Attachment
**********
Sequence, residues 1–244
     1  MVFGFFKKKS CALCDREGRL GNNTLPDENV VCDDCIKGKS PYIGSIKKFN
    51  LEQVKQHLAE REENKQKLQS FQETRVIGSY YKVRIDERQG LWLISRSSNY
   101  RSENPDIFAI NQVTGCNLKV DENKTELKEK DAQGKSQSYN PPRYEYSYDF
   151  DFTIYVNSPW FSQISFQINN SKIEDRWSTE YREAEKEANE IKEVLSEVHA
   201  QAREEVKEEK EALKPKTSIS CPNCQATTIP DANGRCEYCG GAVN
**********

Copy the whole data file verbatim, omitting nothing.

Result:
Sequence, residues 1–244
     1  MVFGFFKKKS CALCDREGRL GNNTLPDENV VCDDCIKGKS PYIGSIKKFN
    51  LEQVKQHLAE REENKQKLQS FQETRVIGSY YKVRIDERQG LWLISRSSNY
   101  RSENPDIFAI NQVTGCNLKV DENKTELKEK DAQGKSQSYN PPRYEYSYDF
   151  DFTIYVNSPW FSQISFQINN SKIEDRWSTE YREAEKEANE IKEVLSEVHA
   201  QAREEVKEEK EALKPKTSIS CPNCQATTIP DANGRCEYCG GAVN